Hold onto Your Virginity…Prevent Divorce?

Losing your virginity at an early age, ladies, could lead to divorce later in life. Sounds a little out there, right? But a has linked women who lost their virginity at an early age to a higher risk of divorce in your first marriage. The study looked at more than 7,000 female respondents aged 14 to 44 to determine whether premarital sex influenced divorce.  Timing and context are the key factors in this study; if a girl under the age of 14 lost her virginity and this outcome was “unwanted,” she was likely to have many sexual partners before marriage, risk potential unwanted pregnancy or contract sexually transmitted diseases. In addition, the researchers contend she will probably get divorced within the first five years of marriage as well.

What exactly is “unwanted” sex?  The study says this is when one feels pressured to have sex or possibly was the victim of child abuse.  It makes sense that someone whose first sexual experience was a traumatic one would potentially develop issues with relationships later in life.  Recovering from abuse is not an easy feat; it takes time, work and maybe even lots of therapy.

It was found that women who had sex after the age of 18 were far less likely to get a divorce within the first five years of marriage during their first marriage. The drawbacks that the study recognized was that is did not take into account the employment status and education, among other things, that typically contribute to divorce.  There is also no mention of how a man’s sexual activity at an early age contributed to divorce; this could be an interesting follow-up study.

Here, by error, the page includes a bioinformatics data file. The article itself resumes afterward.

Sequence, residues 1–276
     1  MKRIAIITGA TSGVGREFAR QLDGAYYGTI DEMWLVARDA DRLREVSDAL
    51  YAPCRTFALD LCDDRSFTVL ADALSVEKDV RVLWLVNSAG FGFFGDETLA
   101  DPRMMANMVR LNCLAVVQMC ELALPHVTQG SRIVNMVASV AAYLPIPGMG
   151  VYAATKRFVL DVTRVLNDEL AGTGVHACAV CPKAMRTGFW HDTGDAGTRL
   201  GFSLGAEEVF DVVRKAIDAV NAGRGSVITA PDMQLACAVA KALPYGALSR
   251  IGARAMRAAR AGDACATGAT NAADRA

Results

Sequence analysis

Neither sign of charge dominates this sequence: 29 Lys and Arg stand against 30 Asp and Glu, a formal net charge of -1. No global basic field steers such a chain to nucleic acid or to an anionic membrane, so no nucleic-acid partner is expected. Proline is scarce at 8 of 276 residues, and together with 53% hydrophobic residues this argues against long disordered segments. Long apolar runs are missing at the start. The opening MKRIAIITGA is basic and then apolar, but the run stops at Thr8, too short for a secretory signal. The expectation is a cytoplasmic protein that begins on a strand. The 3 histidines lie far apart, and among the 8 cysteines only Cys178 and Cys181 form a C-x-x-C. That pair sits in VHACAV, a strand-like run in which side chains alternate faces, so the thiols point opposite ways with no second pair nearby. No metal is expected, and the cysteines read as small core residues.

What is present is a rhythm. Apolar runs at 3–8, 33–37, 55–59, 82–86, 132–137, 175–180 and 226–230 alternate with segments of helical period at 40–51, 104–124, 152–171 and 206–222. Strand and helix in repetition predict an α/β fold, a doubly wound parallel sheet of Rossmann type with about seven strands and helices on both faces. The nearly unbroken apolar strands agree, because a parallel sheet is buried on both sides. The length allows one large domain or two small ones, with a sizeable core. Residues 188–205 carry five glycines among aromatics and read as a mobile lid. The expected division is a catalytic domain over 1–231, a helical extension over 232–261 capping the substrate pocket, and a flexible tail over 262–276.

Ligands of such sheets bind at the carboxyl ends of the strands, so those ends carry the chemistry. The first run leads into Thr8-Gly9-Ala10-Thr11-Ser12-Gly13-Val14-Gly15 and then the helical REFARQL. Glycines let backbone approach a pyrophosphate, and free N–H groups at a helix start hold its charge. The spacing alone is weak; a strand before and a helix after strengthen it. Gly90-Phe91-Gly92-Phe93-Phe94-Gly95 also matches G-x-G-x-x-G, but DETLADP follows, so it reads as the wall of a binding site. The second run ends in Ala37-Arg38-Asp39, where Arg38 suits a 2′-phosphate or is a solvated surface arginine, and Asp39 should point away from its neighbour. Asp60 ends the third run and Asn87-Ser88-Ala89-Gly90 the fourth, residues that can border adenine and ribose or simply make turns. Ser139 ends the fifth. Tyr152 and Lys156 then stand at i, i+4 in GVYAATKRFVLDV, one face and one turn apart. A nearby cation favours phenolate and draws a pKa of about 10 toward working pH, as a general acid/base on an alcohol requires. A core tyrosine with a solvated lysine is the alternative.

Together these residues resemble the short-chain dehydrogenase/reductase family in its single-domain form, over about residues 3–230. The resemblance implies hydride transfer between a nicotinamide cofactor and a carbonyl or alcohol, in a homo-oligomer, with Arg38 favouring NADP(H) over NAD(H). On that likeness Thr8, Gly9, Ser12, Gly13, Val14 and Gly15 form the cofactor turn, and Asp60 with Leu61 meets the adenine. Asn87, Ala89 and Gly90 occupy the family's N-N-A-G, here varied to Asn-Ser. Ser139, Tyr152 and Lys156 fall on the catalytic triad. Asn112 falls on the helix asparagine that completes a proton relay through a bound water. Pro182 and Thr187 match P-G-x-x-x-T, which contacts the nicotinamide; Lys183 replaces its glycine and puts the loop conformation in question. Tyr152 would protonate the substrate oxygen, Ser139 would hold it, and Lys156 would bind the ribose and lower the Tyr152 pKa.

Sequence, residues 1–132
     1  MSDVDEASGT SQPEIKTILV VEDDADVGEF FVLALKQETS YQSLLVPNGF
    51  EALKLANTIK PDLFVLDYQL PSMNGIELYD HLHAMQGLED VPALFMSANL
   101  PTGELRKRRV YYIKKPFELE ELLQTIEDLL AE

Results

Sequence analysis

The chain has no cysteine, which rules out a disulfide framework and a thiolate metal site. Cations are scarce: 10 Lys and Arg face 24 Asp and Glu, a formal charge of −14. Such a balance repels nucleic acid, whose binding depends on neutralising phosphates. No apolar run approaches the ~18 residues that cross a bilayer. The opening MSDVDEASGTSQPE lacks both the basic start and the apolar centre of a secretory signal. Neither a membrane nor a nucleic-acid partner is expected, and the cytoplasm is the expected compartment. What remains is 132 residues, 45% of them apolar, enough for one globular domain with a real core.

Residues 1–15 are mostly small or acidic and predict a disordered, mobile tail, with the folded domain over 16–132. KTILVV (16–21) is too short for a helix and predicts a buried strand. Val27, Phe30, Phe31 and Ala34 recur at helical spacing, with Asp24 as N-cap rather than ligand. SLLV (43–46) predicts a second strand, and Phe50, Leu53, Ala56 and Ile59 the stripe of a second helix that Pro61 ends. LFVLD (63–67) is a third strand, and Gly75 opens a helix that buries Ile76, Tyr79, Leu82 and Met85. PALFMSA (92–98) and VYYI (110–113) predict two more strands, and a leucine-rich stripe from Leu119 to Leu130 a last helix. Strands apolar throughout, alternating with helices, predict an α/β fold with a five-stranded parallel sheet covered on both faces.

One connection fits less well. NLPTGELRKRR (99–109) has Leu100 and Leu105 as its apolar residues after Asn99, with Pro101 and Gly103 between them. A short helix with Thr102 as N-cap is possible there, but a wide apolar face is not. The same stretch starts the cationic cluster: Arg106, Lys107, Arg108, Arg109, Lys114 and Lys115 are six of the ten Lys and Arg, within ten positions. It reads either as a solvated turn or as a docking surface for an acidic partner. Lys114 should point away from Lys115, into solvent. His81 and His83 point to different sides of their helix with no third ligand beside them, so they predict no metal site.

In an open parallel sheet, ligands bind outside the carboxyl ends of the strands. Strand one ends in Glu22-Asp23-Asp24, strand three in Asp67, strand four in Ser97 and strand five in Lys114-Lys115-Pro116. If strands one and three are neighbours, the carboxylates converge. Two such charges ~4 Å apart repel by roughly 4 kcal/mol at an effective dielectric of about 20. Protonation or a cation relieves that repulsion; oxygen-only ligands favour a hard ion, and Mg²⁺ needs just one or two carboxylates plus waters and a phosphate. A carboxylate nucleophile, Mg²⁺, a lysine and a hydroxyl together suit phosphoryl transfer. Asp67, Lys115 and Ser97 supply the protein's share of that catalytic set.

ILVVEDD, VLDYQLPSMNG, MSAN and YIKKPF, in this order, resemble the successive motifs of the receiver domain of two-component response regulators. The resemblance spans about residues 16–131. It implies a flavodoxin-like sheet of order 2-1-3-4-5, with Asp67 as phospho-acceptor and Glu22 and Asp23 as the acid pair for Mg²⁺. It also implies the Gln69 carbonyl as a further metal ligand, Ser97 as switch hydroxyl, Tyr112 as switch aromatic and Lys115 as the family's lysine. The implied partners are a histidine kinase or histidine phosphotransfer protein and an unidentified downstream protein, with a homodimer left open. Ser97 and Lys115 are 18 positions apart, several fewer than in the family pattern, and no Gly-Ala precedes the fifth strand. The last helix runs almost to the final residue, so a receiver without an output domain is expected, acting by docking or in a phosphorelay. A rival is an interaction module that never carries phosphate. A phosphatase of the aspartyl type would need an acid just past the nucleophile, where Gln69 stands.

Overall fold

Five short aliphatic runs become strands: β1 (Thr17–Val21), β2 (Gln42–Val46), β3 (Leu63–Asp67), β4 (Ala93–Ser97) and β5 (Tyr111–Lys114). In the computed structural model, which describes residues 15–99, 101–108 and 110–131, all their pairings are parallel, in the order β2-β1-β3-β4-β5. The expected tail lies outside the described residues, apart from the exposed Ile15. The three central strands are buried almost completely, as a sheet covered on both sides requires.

Divorce happens for many reasons and sometimes we don’t have control over it. Yes, when, how and why you lost your virginity can contribute to how you function in a relationship later in life, but are certainly not the only reasons you might get a divorce. If you are a parent, talk to your children about sex; educate them on the good stuff and the bad stuff.  You may not be able to stop it from happening but you might be able to shed a little light on the situation that could lead to lasting relationships for your children. For other insights on parenting check out these articles on Discipline and Rule Breaking.

Tags from the story
, , ,

1 Comment

  • Correlation does not imply causality. ” The drawbacks that the study recognized was that is did not take into account the employment status and education, among other things, that typically contribute to divorce” . Poorer social background means earlier sex. Poorer social background means higher divorce rate. Earlier sex and higher divorce rate may so both not linked together, but coming from a similar reason. For the conclusions advanced here to be relevant, a more complete approach looking at groups with similar education and income should be studied…

Leave a Reply

Your email address will not be published. Required fields are marked *